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Weekend pilots : technology, masculinity, and private aviation in postwar America

Author: Alan Meyer
Publisher: Baltimore : Johns Hopkins University Press, [2015]
Edition/Format:   Print book : EnglishView all editions and formats
Database:WorldCat
Summary:
"After August 1945, millions of U.S. servicemen formed a tidal wave of people returning to civilian life--locating or returning to work, heading to school under the GI Bill, marrying and starting families. With much profit, historians in various fields have examined this effort to recover normalcy. Meyer points out that a great many of the vets, not all of them trained military airmen, also took up the hobby of  Read more...
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Document Type: Book
All Authors / Contributors: Alan Meyer
ISBN: 9781421418582 1421418584
OCLC Number: 907657567
Notes: Includes index.
Description: xv, 305 pages ; 24 cm
Contents: Machine generated contents note: 1. Who Is "Mr. General Aviation"? The Origins and Demographics of Postwar Private Flying --
2. Shouting, Shirttails, and Spins: Flight Instruction and the Acculturation of New Pilots --
3. The Family Car of the Air versus the Pilot's Airplane: Technology as Gatekeeper to the Sky --
4. The "Right Stuff" Syndrome: Risk, Skill, and Identity within the Community of Pilots --
5. Hog Wallow Airports, Hangar Flying, and Hundred-Dollar Hamburgers: Constructing Masculine Pilot Identity on the Ground --
6. Gendered Communities: Negotiating a Place for Women in Private Aviation.
Responsibility: Alan Meyer.
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Abstract:

The first scholarly book to examine in detail the role of masculinity in aviation, Weekend Pilots adds new dimensions to our understanding of embedded gender and its long-term effects.  Read more...

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Alan Meyer's Weekend Pilots serves as a crucial guide to private aviation's intimidating world of insider references, technical jargon, and showmanship for both the uninitiated and aviation Read more...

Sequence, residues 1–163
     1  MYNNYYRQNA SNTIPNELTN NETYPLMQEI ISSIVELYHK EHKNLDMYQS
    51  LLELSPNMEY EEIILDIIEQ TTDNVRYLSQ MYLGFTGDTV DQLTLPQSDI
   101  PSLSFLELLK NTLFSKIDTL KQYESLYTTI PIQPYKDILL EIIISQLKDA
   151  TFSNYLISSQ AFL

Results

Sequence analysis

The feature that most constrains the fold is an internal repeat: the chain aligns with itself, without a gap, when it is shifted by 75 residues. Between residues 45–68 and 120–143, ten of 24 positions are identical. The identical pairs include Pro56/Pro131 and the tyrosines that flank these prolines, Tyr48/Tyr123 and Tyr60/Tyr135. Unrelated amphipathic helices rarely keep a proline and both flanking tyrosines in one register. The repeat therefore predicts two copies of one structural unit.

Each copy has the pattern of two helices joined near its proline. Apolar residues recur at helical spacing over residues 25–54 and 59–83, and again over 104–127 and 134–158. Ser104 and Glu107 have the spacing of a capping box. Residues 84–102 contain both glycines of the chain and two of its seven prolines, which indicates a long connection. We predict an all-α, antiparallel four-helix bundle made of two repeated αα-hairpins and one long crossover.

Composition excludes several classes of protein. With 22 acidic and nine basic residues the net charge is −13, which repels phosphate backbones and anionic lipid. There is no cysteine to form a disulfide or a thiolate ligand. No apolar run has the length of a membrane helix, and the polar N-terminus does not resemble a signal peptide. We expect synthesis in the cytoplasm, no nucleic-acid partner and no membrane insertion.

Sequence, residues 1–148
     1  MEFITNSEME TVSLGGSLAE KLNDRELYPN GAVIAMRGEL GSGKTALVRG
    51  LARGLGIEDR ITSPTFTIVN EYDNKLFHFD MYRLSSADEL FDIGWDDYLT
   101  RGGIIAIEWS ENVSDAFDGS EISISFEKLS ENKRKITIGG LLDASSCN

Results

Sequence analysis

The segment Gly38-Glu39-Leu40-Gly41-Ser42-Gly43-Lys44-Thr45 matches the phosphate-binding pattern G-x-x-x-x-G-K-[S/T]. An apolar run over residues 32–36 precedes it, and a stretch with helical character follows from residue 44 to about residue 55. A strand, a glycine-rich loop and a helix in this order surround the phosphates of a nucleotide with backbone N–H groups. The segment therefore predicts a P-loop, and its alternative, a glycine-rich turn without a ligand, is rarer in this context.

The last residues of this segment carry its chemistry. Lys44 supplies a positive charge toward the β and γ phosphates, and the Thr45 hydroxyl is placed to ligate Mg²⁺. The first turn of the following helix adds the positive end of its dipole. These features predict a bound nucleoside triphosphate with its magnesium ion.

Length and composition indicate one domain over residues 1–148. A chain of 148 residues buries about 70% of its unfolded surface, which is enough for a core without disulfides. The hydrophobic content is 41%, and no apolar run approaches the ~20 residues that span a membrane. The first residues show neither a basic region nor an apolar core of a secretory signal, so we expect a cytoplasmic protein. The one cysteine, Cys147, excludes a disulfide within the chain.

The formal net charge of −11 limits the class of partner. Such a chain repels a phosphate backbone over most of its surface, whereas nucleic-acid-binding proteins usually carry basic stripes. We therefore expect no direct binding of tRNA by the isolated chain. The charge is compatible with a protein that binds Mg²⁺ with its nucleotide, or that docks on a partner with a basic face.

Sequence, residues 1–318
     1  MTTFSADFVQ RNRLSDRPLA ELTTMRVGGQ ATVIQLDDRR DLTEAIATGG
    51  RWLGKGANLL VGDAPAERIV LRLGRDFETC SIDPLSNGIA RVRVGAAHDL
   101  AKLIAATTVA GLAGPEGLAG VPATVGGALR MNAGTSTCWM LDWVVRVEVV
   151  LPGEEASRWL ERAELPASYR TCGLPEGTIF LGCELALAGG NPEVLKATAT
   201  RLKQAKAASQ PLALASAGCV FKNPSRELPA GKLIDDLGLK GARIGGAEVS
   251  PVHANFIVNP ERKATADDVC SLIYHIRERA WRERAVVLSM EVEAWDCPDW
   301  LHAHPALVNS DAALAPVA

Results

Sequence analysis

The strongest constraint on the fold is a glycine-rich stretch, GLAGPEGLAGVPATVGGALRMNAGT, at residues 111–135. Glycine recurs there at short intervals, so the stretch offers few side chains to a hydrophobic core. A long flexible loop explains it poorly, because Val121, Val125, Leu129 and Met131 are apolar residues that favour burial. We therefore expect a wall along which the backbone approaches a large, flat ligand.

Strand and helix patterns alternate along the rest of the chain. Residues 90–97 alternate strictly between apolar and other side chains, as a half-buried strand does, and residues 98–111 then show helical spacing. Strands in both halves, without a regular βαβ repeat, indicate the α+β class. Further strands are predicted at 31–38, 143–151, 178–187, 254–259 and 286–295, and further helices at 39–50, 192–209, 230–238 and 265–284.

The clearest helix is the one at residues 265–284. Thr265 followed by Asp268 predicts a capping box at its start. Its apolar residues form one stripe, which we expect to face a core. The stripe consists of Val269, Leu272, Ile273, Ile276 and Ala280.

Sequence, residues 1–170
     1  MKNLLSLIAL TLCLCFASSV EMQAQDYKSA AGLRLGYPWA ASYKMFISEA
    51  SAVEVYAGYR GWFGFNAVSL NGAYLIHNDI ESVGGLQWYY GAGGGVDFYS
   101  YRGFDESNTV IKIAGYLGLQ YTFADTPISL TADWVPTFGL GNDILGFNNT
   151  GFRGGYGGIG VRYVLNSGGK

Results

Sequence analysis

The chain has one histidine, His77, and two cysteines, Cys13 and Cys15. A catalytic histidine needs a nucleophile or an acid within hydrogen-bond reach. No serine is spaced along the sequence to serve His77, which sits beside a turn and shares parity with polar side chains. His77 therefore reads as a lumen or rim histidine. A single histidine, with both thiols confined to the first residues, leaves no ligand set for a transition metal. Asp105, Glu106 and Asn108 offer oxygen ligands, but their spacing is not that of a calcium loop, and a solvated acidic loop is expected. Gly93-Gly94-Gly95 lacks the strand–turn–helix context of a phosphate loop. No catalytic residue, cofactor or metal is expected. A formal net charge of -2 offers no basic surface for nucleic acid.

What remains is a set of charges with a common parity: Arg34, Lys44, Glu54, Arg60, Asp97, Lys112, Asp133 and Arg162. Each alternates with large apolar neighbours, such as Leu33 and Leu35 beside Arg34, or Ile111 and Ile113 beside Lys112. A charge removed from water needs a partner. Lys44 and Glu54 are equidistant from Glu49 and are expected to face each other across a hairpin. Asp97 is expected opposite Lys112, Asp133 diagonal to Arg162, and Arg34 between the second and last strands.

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    schema:description "Machine generated contents note: 1. Who Is "Mr. General Aviation"? The Origins and Demographics of Postwar Private Flying -- 2. Shouting, Shirttails, and Spins: Flight Instruction and the Acculturation of New Pilots -- 3. The Family Car of the Air versus the Pilot's Airplane: Technology as Gatekeeper to the Sky -- 4. The "Right Stuff" Syndrome: Risk, Skill, and Identity within the Community of Pilots -- 5. Hog Wallow Airports, Hangar Flying, and Hundred-Dollar Hamburgers: Constructing Masculine Pilot Identity on the Ground -- 6. Gendered Communities: Negotiating a Place for Women in Private Aviation."@en ;
    schema:description ""After August 1945, millions of U.S. servicemen formed a tidal wave of people returning to civilian life--locating or returning to work, heading to school under the GI Bill, marrying and starting families. With much profit, historians in various fields have examined this effort to recover normalcy. Meyer points out that a great many of the vets, not all of them trained military airmen, also took up the hobby of flying, and he here explores what became a postwar phenomenon, the spectacular growth of American private aviation (i.e., neither military nor commercial) and the rise of the "weekend pilot." He takes readers inside a culture that turns out to be something of a throwback: It required exceptionally high skill levels; involved considerable risk; encouraged, demanded, fierce personal independence; indulged a post-military fatalism, even among the younger sort who later joined the movement; and above all granted one membership in a self-consciously white, male circle of the initiated. How does one explain the development of this peculiar culture? Meyer searches for answers in public records, trade association prints, newspaper accounts, and private papers and interviews. He has put together an impressive first book. Norman Mailer once argued that most right-leaning politics since the 1970s draws upon the anxieties and grievances of displaced white American males. He may have spoken best for himself, but this book will give credence to the observation"--Provided by publisher."@en ;
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